With this assumption, the brain mitochondrial fraction of control mice contained at least 75 individual ubiquitinated proteins; the number of the ubiquitinated sites in them varied from 1 to 4 (Figure 1; Supplementary Materials). In a pilot experiment, preincubation of brain mitochondrial lysates with the deubiquitinase inhibitor degrasyn (WP-1130; final concentration 10 µM) for 30 min at 37 °C had no influence of the profiles of the ubiquitinated proteins. This suggests that under our experimental conditions, endogenous deubiquitinases had insignificant impact on the content of ubiquitinated proteins in the brain mitochondrial fraction. Among these 75 proteins, only six proteins can be defined as proteins of the inner mitochondrial compartments. Their proportion in the studied groups varied from 8% (in control) to 17% (MPTP+isatin) (Figure 2). According to the GO annotation, they belonged to several functional groups (Table 1). In the context of molecular functions, ubiquitinated mitochondrial proteins of control animals were preferentially involved in catalytic and binding functions.
MPTP administration to mice decreased the number of ubiquitinated proteins (n = 49; Figure 2). The list of ubiquitinated proteins identified in the brain mitochondrial fraction of MPTP-treated mice changed qualitatively, and contained only five proteins that were identified in intact animals. Poor correspondence between identified proteins from control and MPTP-treated mice suggested that the development of MPTP-induced toxicity had a significant impact on the ubiquitination of proteins associated with mitochondria (Figure 1, Table 1). Pretreatment of mice with isatin not only reduced manifestations of MPTP-induced neurotoxicity, but also influenced the profiles of all ubiquitinated proteins detected in the crude mitochondrial fraction of the mouse brain. The total number of ubiquitinated proteins in the crude mitochondrial fraction of the mouse brain and their molecular functions remained basically the same as in the crude mitochondrial fractions of the MPTP-treated mice (Table 1). However, despite similarity in molecular functions, ubiquitinated proteins in the fraction differed qualitatively as compared with both the control and the group of MPTP-treated mice (Table 1, Supplementary Materials).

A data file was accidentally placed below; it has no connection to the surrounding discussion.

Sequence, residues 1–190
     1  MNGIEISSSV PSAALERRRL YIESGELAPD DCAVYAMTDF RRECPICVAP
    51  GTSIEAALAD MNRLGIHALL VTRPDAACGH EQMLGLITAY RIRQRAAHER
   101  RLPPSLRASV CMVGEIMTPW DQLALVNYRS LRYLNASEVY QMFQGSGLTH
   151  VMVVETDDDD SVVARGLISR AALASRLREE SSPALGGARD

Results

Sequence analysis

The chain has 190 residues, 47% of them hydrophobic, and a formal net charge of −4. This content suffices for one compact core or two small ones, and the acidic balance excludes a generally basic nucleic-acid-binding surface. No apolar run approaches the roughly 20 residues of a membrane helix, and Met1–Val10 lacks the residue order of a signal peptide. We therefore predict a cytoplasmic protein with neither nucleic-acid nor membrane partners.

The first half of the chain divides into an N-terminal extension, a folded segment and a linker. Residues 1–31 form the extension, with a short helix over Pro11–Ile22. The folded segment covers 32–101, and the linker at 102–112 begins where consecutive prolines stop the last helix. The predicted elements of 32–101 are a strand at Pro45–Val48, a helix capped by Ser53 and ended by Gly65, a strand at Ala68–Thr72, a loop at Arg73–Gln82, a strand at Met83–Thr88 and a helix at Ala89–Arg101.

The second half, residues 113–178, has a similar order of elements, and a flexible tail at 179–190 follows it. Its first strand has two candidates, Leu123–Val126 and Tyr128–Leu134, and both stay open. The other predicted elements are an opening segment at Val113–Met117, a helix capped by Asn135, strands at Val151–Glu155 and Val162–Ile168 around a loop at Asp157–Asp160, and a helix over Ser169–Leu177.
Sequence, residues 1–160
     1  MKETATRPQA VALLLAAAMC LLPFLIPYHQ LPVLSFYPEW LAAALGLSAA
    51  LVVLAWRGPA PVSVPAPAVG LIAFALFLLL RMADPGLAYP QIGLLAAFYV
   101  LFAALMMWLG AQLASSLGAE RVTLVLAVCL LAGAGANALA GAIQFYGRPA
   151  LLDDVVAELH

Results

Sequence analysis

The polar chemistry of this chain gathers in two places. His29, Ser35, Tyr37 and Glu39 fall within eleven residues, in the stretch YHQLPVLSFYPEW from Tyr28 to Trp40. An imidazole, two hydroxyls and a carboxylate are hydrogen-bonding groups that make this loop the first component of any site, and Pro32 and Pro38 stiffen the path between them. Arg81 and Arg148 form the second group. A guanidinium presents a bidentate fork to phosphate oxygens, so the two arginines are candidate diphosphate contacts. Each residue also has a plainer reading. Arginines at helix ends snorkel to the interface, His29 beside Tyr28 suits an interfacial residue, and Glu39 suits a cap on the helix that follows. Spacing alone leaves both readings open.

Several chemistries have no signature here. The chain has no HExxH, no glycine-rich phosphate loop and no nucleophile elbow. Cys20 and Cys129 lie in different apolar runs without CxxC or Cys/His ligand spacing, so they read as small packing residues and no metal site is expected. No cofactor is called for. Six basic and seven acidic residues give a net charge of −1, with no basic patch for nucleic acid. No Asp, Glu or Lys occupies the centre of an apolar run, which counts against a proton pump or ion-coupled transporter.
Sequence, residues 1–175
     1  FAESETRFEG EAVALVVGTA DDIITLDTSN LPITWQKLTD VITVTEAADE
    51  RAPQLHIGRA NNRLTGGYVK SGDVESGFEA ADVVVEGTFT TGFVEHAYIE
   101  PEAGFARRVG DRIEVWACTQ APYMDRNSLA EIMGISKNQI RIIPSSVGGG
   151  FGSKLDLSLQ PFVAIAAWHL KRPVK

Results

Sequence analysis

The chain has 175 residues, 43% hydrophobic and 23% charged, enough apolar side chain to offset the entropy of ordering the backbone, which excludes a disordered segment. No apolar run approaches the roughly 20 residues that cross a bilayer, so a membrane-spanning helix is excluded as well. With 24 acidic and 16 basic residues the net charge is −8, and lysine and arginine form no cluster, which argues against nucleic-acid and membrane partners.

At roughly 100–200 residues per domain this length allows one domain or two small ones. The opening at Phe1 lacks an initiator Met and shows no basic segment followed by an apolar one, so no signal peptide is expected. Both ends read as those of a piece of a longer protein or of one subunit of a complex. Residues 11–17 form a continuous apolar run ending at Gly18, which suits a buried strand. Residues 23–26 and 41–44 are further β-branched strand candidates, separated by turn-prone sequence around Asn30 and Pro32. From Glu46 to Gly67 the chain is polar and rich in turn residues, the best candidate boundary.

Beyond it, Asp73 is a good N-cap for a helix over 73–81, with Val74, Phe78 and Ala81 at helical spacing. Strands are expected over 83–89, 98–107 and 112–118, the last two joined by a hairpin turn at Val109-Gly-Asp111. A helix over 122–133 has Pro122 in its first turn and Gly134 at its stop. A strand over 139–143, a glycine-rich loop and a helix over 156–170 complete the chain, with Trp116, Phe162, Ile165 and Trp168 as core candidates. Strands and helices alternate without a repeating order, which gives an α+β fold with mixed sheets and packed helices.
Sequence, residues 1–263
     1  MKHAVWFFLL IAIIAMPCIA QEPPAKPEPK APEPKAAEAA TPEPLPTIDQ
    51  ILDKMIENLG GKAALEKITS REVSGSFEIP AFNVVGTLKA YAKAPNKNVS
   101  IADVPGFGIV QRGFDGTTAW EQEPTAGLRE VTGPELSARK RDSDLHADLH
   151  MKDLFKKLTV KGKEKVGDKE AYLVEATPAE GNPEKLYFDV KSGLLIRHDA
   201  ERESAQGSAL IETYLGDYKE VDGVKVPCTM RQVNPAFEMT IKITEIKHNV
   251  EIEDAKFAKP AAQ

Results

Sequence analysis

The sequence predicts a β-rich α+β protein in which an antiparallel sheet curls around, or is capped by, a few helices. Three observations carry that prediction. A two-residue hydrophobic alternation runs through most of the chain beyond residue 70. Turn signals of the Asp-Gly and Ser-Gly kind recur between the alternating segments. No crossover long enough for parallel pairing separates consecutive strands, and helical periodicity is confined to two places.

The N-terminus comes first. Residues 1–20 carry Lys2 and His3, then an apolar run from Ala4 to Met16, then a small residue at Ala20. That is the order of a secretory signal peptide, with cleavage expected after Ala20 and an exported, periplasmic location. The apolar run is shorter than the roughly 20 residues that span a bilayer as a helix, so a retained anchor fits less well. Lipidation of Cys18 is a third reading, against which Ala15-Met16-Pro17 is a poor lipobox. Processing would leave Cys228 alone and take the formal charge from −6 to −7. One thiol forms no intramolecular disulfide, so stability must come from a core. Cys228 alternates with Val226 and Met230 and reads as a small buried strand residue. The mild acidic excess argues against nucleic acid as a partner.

Isatin administration to intact mice also caused significant changes in both the number of identified proteins in the fraction, as well as the profile of ubiquitinated proteins (Table 1, Supplementary Materials). The total number of mitochondrial proteins was lower than in both the control group and the group of MPTP-treated mice, and the same as in the group of mice treated with both MPTP and isatin. The profile of ubiquitinated proteins identified in the crude mitochondrial fraction of isatin-treated mice (n = 55; Figure 2) was also rather specific (Table 1, Supplementary Materials).
In the case of so-called intrinsic mitochondrial proteins, their ubiquitination profiles were highly specific and lacked any common components for all four groups of animals (Table 1).
It should be noted that the crude mitochondrial fraction of the mouse brain was isolated within 2 h after administration of MPTP and isatin to mice. Consequently, the changes in the ubiquitination state of mitochondrial proteins obviously reflected immediate short-term biological responses to these treatments that did not involve long-term adaptive mechanisms (mitochondrial biogenesis etc.).
Besides ubiquitination, we have also evaluated the oxidative status of mitochondrial proteins by the presence of oxidized methionine (see the Materials and Methods section). Although the number of mitochondrial proteins containing oxidized methionine residue(s) in the control group was somewhat higher, analysis of proteins carrying both the ubiquitin signature and oxidized methionine revealed very interesting tendencies. The percent of mitochondrial proteins containing both modifications increased in the following order: control (8% of total ubiquitinated proteins) > MPTP (12%) > MPTP + isatin (15%) > isatin (22%) (Supplementary Materials).